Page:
clock menu more-arrow no yes mobile

Filed under:

2018 NHL Entry Draft Prospect Profile: Bode Wilde

When it comes to developing prospects, patience can be a virtue.

USHL Fall Classic - Day 3 Photo by Justin Berl/Getty Images

Name: Bode Wilde

Team: USA Hockey National Team Development Program (USHL)

Stats: 25 GP, 3 goals, 13 assists, 26 points, 16 PIMs, +19 plus-minus rating

Position: Defense

NHL Central Scouting Ranking: 17th (North American Skaters)

NHL Comparable Player: Mike Matheson

Some hockey prospects make the job of a scout incredibly easy. It barely takes a couple of shifts of watching someone like Rasmus Dahlin, for example, for a scout to realize that he or she is observing a truly elite, once-in-a-generation kind of player.

Other prospects, however, really make scouts earn their keep.

Every NHL draft has players like this, but for the 2018 class in particular, few prospects exemplify this challenge quite like defenseman Bode Wilde.

It doesn’t take much time watching Wilde for him to really catch your eye. At roughly 6’2” and 196 pounds he is pretty easy to spot out on the ice. It’s not until Wilde gets the puck on his stick and really gathers up a head of steam, however, that everyone’s attention stops and focuses on him at the same time.

When it comes to raw athletic ability, few players in this year’s draft class match up with Wilde. The son of parents who were both high-end skiers, he is a natural athlete and probably has no trouble keeping fit and staying active at an advanced level. For a player with his frame, he is incredibly mobile and light on his feet, capable of making a quick first couple of steps in any direction before shifting into a higher gear and exploding through neutral ice. When he gets his body moving at full speed, he’s a serious challenge to slow down or catch up to.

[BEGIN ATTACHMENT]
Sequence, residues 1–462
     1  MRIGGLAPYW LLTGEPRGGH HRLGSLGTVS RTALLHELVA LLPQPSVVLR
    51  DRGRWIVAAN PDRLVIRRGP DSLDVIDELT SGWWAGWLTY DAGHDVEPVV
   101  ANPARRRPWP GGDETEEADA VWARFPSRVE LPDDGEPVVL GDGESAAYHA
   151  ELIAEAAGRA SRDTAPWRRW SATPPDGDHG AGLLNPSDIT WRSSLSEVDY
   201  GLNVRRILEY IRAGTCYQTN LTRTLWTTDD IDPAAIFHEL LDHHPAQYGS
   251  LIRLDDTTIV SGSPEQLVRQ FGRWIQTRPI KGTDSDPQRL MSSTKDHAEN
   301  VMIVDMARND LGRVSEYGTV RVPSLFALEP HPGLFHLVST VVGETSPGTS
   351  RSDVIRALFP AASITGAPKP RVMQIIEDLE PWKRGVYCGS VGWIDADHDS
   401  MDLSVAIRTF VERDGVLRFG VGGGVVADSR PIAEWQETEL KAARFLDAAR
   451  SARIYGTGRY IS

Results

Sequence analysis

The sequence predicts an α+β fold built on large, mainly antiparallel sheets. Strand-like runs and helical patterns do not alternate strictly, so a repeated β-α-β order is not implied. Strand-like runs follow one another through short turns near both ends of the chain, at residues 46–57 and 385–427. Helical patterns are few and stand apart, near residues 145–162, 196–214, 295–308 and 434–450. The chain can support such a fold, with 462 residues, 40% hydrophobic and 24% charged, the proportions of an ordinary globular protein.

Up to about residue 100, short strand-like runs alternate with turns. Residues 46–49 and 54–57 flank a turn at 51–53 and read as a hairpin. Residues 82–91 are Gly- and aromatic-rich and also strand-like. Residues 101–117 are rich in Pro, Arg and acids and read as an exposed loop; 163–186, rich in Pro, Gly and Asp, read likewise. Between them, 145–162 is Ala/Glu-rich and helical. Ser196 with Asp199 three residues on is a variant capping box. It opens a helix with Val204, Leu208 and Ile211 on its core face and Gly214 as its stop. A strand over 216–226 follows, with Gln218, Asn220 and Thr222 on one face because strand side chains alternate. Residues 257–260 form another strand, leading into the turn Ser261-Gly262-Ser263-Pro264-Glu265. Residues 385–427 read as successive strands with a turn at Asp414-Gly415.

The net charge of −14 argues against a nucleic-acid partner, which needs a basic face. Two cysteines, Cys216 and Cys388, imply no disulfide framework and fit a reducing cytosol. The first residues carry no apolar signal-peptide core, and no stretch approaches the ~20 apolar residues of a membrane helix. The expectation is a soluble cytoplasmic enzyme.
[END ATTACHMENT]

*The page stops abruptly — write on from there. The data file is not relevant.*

His play with the puck sometimes isn’t too far behind, either. His hands are as quick as his feet, allowing him to deftly slide the puck around rapidly encroaching opponents to maintain possession. His wrist shot doesn’t come off his stick at quite the same pace, but it packs some punch and has a lot of accuracy behind it, enough of both to pick a corner and pop a bottle. His slap shots and one-timers aren’t exactly in the Al MacInnis territory, but they’re enough of a threat that opposing defenses have to respect and account for them.

The real challenge with Wilde is that the more you watch him play, the more you realize just how many other little areas he still needs to work on and, even worse, which of these areas teams might not be able to develop much at all.

For all his talents, Wilde sometimes has trouble converting them into positive results on a shift-by-shift basis. Despite consistently putting forth an honest effort, there are times when the promising blueliner gets overwhelmed and eaten up in the play. A pass gets missed, a coverage gets blown or an area gets exited too early without the puck and all of a sudden the play is dangerously going the other direction as Wilde and his teammates have to hustle back and scramble to recover into a defensive position. Even on a far less dramatic basis, there are too many micro moments where Wilde will be thinking one step behind the play, just enough of a difference to miss out on making something positive happen, such as cutting off an errant pass to gain possession or keeping the play alive longer in the offensive zone.